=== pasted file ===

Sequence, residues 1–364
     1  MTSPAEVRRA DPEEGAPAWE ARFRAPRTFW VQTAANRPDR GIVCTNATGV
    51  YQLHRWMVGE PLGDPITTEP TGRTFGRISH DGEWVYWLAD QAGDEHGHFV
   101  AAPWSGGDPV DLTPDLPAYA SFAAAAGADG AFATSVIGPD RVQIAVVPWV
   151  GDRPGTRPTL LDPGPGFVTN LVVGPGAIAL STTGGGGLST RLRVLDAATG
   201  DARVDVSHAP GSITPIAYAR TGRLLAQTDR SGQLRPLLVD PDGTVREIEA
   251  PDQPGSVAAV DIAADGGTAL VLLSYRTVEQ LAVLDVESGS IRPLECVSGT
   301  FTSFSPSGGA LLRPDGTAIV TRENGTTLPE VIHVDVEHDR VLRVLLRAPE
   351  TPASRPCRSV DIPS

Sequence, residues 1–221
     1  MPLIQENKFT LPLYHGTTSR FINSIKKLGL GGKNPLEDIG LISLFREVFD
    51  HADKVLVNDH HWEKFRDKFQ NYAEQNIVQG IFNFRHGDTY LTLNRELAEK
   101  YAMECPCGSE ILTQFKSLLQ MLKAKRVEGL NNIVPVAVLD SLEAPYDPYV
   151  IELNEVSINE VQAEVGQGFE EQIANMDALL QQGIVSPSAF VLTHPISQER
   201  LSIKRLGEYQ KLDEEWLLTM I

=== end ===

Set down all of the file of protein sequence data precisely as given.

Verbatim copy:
Sequence, residues 1–364
     1  MTSPAEVRRA DPEEGAPAWE ARFRAPRTFW VQTAANRPDR GIVCTNATGV
    51  YQLHRWMVGE PLGDPITTEP TGRTFGRISH DGEWVYWLAD QAGDEHGHFV
   101  AAPWSGGDPV DLTPDLPAYA SFAAAAGADG AFATSVIGPD RVQIAVVPWV
   151  GDRPGTRPTL LDPGPGFVTN LVVGPGAIAL STTGGGGLST RLRVLDAATG
   201  DARVDVSHAP GSITPIAYAR TGRLLAQTDR SGQLRPLLVD PDGTVREIEA
   251  PDQPGSVAAV DIAADGGTAL VLLSYRTVEQ LAVLDVESGS IRPLECVSGT
   301  FTSFSPSGGA LLRPDGTAIV TRENGTTLPE VIHVDVEHDR VLRVLLRAPE
   351  TPASRPCRSV DIPS

Sequence, residues 1–221
     1  MPLIQENKFT LPLYHGTTSR FINSIKKLGL GGKNPLEDIG LISLFREVFD
    51  HADKVLVNDH HWEKFRDKFQ NYAEQNIVQG IFNFRHGDTY LTLNRELAEK
   101  YAMECPCGSE ILTQFKSLLQ MLKAKRVEGL NNIVPVAVLD SLEAPYDPYV
   151  IELNEVSINE VQAEVGQGFE EQIANMDALL QQGIVSPSAF VLTHPISQER
   201  LSIKRLGEYQ KLDEEWLLTM I